You could call the school and kinda just query "what are you teaching children at ages 6 and 9 about social media? I'm wondering because …."

  29. Andy123

    Andy123 New Member

    I know this is the right thing to do. I have no communication with the other parent but could make this happen. I am aware that this would probably trigger lack of access between my family member and the children, and in turn this could trigger a return to the intense depression and anxiety attacks they have experienced.
    It's a very testing mental process I'm going through with this. I know I need more info about how this content is being shared with the children before I make important decisions.
  30. Gib

    Gib New Member

    It really sounds like a mental illness issue. The trouble is it sounds if this person would never seek help from a mental health professional.
    • Agree Agree x 1
  31. deirdre

    deirdre Moderator Staff Member

    well maybe they are open to the knowledge that showing children youtube videos to prove God is highly abnormal, to say the least.

    And if they are showing the kids videos about lizards in pyramids or aliens posing as angels at the end of the world, that is akin to showing them Creepy Pasta videos to prove that there really are monsters under the bed. Six year olds should be learning to tie their shoes, not learning about Armageddon or black eyed devils.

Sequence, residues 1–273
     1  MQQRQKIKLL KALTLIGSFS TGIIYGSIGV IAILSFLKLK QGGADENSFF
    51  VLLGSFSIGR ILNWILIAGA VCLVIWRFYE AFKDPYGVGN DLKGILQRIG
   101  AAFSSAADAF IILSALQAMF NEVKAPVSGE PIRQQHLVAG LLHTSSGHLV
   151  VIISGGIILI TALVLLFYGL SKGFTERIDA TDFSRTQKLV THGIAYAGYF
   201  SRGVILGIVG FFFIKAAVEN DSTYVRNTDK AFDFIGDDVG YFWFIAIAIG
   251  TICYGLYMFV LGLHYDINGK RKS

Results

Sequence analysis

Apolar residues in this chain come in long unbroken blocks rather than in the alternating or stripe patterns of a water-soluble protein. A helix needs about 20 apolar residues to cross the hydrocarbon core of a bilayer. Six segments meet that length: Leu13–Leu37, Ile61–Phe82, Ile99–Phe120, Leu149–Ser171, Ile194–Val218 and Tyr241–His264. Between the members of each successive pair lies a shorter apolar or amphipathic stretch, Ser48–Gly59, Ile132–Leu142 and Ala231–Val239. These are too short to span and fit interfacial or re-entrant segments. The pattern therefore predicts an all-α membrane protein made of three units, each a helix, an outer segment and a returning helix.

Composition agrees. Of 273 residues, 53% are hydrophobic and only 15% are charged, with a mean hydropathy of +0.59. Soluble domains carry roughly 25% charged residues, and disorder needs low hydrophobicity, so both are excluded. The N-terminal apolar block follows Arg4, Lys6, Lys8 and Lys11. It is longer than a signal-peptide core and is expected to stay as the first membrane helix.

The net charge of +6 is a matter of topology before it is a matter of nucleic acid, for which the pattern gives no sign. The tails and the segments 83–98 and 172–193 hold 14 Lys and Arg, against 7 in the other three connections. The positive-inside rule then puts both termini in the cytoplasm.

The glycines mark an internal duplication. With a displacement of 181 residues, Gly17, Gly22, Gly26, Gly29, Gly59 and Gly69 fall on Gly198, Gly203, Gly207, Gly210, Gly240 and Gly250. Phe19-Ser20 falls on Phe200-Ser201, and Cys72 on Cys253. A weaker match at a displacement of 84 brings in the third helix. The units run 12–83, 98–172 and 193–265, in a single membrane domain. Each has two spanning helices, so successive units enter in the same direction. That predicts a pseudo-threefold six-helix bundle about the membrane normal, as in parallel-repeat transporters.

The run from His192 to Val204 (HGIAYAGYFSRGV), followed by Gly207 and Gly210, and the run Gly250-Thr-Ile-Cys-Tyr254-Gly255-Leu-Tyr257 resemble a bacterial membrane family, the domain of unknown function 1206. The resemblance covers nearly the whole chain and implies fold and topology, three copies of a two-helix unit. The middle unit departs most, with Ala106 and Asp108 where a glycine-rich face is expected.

I would suggest a hard line interrogation of the child issue. They will undoubtedly deny everything, which is fine- but may make them realize their faux-pas in this area.

    edit add: I should add, that more times then not a child, esp at 6, will narc the adult out to a teacher anyway. By drawing a weird picture or just saying something odd. Which you family member might want to be wary of.
  32. Andy123

    Andy123 New Member

    I realise that this is highly abnormal and possibly damaging. The person in question has rationalised it to themselves by saying it is no different to any religious instruction given to a child by another parent or a school. They also say they are telling the children that it might be true it might not be.
    I know these reasons are a cop out and that due diligence in the truthfulness of information is not being done. I have been told it is none of mine or anyone elses business what he exposes the kids to and I need to butt out.

    There is already a court ordered investigation into both parents going on at the moment and their abilities to provide for their childrens emotional needs.
  33. deirdre

    deirdre Moderator Staff Member

    ah. useful information. then they will interview the 6 year old.. so the courts can handle it.
    • Useful Useful x 1